|LETTER TO EDITOR
|Year : 2020 | Volume
| Issue : 5 | Page : 220
Letter to the editor – COVID-19 swab collection: An opportunity for oral cancer screening
Navaneeth Yerragudi1, Satvinder Singh Bakshi2
1 Department of Dentistry, All India Institute of Medical Sciences, Mangalagiri, Guntur, Andhra Pradesh, India
2 Department of ENT and Head and Neck Surgery, All India Institute of Medical Sciences, Mangalagiri, Guntur, Andhra Pradesh, India
|Date of Submission||10-Aug-2020|
|Date of Decision||15-Aug-2020|
|Date of Acceptance||24-Aug-2020|
|Date of Web Publication||12-Oct-2020|
Satvinder Singh Bakshi
Department of ENT and Head and Neck Surgery, All India Institute of Medical Sciences, Mangalagiri, Guntur - 522 503, Andhra Pradesh
Source of Support: None, Conflict of Interest: None
|How to cite this article:|
Yerragudi N, Bakshi SS. Letter to the editor – COVID-19 swab collection: An opportunity for oral cancer screening. Clin Cancer Investig J 2020;9:220
Head-and-neck cancer continues to be a major global health crisis, constituting 21.2% of the overall malignancies reported. A high proportion of head-and-neck cancers are diagnosed very late, especially in developing countries. The COVID-19 pandemic has caused the suspension of elective outpatient services across many nations. This has affected screening programs for head-and-neck cancer all over the world, adding to the already-existing problem of late diagnosis. In this letter, we would like to highlight the possibility of detecting oral and oropharyngeal cancer among suspected cases of COVID-19 during the swab collection for its diagnosis.
Over a million people all over the world are being screened for COVID-19 daily. The World Health Organization has recommended tests that detect viral RNA as one of the initial diagnostic tests for COVID-19 infection. The nasopharynx and/or oropharynx is the most tested sampling site, with a higher preference for the oropharynx due to ease of the technique. The oropharyngeal sample is collected by stroking the swab against the uvula, tonsils, and posterior wall of the pharynx. This means that the examination of the oral cavity by visual inspection is possible in this context. With this background, Halboub et al. have suggested opportunistic screening of oral cancer and premalignant lesions.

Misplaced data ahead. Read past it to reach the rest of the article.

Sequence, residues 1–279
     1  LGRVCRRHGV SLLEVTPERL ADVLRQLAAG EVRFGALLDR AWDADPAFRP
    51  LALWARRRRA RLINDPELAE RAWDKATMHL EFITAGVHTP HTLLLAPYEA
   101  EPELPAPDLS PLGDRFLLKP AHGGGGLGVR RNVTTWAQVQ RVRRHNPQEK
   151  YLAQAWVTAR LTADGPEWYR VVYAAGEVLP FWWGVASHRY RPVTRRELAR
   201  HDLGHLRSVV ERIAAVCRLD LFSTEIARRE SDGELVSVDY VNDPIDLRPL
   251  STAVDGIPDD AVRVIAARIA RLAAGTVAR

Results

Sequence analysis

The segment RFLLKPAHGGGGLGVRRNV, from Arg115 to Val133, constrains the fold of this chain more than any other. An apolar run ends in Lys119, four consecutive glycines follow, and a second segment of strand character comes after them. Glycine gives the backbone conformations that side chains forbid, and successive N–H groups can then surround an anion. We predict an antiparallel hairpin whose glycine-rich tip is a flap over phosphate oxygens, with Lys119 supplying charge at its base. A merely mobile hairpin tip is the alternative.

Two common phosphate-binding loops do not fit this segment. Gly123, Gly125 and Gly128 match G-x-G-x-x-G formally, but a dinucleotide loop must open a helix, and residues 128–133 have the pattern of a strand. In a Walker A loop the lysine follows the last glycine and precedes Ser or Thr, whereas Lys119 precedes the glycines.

We suggest that patients with known risk factors for the development of head-and-neck cancer presenting for COVID-19 testing may be questioned about the symptoms of head-and-neck cancer. These people can be subjected to careful examination of the oral cavity and oropharynx during the swabbing procedure. Any suspicious lesions may be further tested using a cytobrush for exfoliative cytology  to rule out a malignancy.
With minimal training, health-care professionals involved in sampling can be sensitized to identify various premalignant and malignant lesions of the oral and oropharyngeal region. They in turn can refer such patients for further testing and follow-up. The current pandemic has forced us to look at innovative solutions for the existing medical problems. One such example is the utilization of the COVID-19 testing for screening of oral cancer. This opportunistic screening will go a long way in the early detection and treatment of oral/oropharyngeal cancer.
Financial support and sponsorship
Conflicts of interest
There are no conflicts of interest.
| References|| |
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Halboub E, Al-Maweri SA, Al-Soneidar WA. Utilization of COVID-19 testing for opportunistic screening of oral cancer. Oral Oncol 2020;106:104775.
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